News from Israel and the Jewish World is an editorial content and business-services resource for media, reaching global Jewish communities. Below you will find the most pressing, breaking news from Israel and the Jewish world. is updated regularly and includes special Israel news through exclusive English-language syndication of content by Israel Hayom, one of Israel’s leading daily newspapers.

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A longtime senior aide to Bill Clinton fed Hillary Clinton's campaign chairman unsubstantiated accusations of racism against Israeli Prime Minister Benjamin Netanyahu.

With only a few weeks remaining before the presidential election, and the start of early voting in most states, Jewish voters may still be weighing their decisions. looks at the candidates’ positions and what they’ve said over the past year on major issues that may be important to Jewish and pro-Israel voters.  

Israel could have done a better job of enlisting Christian allies in its efforts to prevent the United Nations from passing a resolution erasing the Jewish connection to the Temple Mount and Western Wall, one South African legislator claims.

B’Tselem can self-identify as an Israeli organization, but as its recent U.N. Security Council speech shows, with the exception of international audiences, such as donors in Europe and repressive regimes at the U.N., nobody is listening to B’Tselem.

Dozens of orphans of fallen Israeli soldiers, and the son of an American serviceman who died in Afghanistan, celebrated their bar and bat mitzvahs in Jerusalem in a mass ceremony Thursday conducted by the IDF Widows and Orphans Organization.

The United Nations cultural body, UNESCO, passed a resolution Thursday that condemns Israeli actions at Jerusalem’s holy sites and ignores any Jewish ties to the Temple Mount and the Western Wall complex.

A new leaked email shows that a speech by Democratic nominee Hillary Clinton last December left senior Israeli officials worried she might lean toward the Palestinians if elected president.


A police officer and a civilian were killed and six were wounded during a drive-by shooting in Jerusalem this weekend, raising concerns about the possible resumption of the wave of lone wolf terror attacks that convulsed Israel earlier this year.

A newly approved plan to build 98 homes in the Shiloh valley in Northern Samaria has renewed longstanding tensions between President Barack Obama and Israeli Prime Minister Benjamin Netanyahu on the issue of West Bank settlement construction.


The new $38 billion Israel security deal recently signed - the U.S.’s largest ever aid package to Israel - fundamentally changes the way Israel will be able to spend the money.


Despite the increasing number of terror attacks in the United States, for most Americans the various Middle East conflicts remain a distant and misunderstood affair. Chris Mitchell, a Massachusetts native and the Middle East bureau chief for the Christian Broadcasting Network (CBN), shed light on these issues from his perspective as an Evangelical Christian covering the Middle East.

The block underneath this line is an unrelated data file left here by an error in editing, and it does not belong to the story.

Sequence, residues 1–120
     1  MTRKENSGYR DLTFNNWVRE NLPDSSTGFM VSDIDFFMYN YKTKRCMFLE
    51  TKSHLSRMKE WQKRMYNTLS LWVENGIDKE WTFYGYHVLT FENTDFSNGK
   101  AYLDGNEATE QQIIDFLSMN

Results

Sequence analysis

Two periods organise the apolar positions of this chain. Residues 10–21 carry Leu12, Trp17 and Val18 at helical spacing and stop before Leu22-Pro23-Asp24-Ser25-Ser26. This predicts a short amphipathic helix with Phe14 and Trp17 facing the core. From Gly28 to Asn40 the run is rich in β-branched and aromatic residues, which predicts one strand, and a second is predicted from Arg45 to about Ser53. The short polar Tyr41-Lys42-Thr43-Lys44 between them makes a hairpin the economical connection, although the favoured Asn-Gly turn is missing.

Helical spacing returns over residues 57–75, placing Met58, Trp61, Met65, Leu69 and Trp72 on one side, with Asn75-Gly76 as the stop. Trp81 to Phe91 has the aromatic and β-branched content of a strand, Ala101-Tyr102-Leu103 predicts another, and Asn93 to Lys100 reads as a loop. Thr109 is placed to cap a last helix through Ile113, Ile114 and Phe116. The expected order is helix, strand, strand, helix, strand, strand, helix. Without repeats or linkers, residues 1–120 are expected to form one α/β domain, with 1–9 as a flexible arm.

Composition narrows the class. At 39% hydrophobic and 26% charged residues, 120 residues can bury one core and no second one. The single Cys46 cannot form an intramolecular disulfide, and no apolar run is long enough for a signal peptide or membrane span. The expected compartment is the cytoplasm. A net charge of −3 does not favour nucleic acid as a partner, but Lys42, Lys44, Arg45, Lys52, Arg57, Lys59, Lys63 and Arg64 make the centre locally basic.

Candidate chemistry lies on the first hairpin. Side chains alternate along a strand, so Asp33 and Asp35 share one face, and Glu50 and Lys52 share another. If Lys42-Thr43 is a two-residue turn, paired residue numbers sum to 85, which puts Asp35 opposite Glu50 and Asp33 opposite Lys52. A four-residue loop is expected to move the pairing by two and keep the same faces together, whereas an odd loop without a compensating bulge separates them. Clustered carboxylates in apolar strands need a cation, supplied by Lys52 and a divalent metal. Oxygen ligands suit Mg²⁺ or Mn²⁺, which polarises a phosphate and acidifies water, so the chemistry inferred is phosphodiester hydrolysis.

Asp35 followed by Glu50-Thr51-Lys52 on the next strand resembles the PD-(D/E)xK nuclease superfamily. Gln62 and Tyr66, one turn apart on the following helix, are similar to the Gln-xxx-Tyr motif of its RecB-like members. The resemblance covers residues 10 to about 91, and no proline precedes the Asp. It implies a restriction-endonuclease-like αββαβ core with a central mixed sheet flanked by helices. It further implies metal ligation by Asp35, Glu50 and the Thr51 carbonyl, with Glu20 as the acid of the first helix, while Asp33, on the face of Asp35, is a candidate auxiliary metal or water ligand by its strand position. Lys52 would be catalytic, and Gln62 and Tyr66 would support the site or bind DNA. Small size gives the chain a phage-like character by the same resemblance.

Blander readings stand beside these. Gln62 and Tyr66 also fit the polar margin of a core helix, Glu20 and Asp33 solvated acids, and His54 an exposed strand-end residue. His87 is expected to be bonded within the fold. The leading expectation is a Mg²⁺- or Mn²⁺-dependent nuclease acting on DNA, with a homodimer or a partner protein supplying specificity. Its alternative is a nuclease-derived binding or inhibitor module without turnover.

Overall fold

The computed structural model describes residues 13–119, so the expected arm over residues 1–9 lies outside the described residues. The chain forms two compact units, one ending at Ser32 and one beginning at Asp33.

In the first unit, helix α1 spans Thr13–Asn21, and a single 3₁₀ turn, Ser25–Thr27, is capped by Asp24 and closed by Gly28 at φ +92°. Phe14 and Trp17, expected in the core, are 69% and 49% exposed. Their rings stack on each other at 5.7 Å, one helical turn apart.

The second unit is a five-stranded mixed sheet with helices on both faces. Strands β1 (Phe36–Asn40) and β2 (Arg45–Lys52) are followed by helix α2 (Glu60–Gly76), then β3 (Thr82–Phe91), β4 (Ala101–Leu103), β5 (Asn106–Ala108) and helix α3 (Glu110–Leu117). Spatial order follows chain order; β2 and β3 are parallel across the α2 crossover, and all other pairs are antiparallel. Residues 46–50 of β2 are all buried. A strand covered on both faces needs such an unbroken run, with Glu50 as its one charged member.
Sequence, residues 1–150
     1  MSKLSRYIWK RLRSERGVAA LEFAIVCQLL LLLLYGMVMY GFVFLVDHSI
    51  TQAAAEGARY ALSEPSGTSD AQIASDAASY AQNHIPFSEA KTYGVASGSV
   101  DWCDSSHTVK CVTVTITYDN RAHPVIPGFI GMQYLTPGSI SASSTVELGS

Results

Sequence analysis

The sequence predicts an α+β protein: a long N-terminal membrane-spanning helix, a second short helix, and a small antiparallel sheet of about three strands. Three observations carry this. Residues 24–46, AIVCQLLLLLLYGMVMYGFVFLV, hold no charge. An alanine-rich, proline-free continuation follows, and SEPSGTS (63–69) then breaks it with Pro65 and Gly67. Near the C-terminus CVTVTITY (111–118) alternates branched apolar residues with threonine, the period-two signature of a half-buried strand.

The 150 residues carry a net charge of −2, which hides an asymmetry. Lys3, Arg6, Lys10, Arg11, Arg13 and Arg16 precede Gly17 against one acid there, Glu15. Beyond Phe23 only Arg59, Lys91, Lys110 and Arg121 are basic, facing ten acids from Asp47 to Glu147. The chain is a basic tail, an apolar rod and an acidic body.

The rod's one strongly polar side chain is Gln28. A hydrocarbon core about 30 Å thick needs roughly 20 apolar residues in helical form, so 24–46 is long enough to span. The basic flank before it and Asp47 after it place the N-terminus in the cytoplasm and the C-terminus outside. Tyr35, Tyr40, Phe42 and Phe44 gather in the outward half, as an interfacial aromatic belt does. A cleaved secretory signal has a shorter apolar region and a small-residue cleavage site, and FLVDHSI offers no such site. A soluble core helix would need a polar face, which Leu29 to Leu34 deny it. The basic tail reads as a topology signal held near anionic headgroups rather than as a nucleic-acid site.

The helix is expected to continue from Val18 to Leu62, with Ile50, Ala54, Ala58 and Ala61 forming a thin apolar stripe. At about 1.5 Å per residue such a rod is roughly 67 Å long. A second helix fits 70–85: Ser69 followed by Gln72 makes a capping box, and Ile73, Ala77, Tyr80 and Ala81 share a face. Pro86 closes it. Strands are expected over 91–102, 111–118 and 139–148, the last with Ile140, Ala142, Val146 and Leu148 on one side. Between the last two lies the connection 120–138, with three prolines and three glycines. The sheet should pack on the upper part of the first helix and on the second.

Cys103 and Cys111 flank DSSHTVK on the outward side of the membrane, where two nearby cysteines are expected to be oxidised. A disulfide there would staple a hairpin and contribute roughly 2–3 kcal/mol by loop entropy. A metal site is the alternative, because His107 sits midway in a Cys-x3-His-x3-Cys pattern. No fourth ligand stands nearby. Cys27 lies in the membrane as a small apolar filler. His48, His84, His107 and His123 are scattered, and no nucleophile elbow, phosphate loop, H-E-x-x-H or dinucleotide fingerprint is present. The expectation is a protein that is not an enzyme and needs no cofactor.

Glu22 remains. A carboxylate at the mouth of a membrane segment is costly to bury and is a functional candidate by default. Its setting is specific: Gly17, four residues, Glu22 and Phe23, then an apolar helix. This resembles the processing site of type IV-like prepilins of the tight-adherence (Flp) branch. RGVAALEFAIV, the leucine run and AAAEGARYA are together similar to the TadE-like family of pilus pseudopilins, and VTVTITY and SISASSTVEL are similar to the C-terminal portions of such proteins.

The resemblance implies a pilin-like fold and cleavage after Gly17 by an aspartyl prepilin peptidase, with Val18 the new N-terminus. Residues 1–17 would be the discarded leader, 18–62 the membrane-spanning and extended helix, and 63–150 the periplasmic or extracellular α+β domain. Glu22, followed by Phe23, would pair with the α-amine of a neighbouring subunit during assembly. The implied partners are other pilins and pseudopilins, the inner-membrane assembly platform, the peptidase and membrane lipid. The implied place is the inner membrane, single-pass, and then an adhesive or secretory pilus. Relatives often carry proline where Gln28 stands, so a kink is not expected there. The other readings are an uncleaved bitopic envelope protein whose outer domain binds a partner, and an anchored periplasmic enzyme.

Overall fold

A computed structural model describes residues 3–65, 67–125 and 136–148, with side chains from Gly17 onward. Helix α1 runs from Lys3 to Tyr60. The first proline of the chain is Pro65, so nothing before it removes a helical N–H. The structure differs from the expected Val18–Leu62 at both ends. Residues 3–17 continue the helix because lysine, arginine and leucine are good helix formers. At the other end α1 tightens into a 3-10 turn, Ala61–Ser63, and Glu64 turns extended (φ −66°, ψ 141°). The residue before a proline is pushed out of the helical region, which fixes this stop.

The state of Israel, as well as dignitaries and Jewish groups around the world, came together on Sept. 30 for the funeral service of former Israeli President Shimon Peres, who passed away on Sept. 28 two weeks after suffering a massive stroke. He was 93 years old. 

A group advocating Palestinian statehood took out a full-page ad in The New York Times last week to warn that there will be "a Palestinian majority" in Israel in less than a decade unless such a state is created. A reader of the ad might think he had fallen into a time warp and ended up sometime prior to the signing of the 1993 Oslo accords.



As Rosh Hashanah approaches and the Jewish calendar turns to 5777, takes a look at the biggest Jewish news stories covered over the past year.


By secretly dispersing his money to influence politicians and the media, Billionaire George Soros hopes to drive a wedge between America and Israel without anyone noticing. This approach is wrongheaded and shameful. And it’s not new.


Palestinian Authority officials who speak of "two states for two peoples" when addressing Western audiences, leave out the words "for two peoples" when speaking in Arabic to a different audience because they don't recognize Israel's right to exist as a permanent Jewish state, experts said.


In the wake of a recent controversial decision where haredi (ultra-Orthodox) students in Israel are missing out on the secular education they need to succeed in the modern employment market, education experts say more is needed to bring together students of diverse backgrounds and level the playing field with an eye toward the country’s future.




The name, Joan Edelstein Davenny, is relatively unknown outside of the Connecticut community where she was a teacher and among her family and friends who knew her. Joan was one of the victims of an August 21, 1995 suicide bomb attack on a downtown Jerusalem bus. A little research on Joan shows that she grew up in San Francisco, Calif. So it’s shocking to me that a major university in San Francisco is partnering with a Palestinian university that honors the killers of a prominent San Francisco woman, writes columnist Stephen Flatow. 

With the off-again on-again University of California, Berkeley course, "Palestine: A Settler Colonial Analysis," credits are awarded based on "assignments, group presentation and participation" – which means that if you attend a demonstration and burn an Israeli flag, you'll be on your way to an "A" grade, writes columnist Ben Cohen. 


News that Natan Sharansky, the former Soviet refusenik, will leave the Jewish Agency next year has fueled discussion of the continuing relevance of the quasi-governmental entity, whose role in the wider Jewish world has come under fire in some quarters, following a series of high-profile financial and political setbacks during his tenure.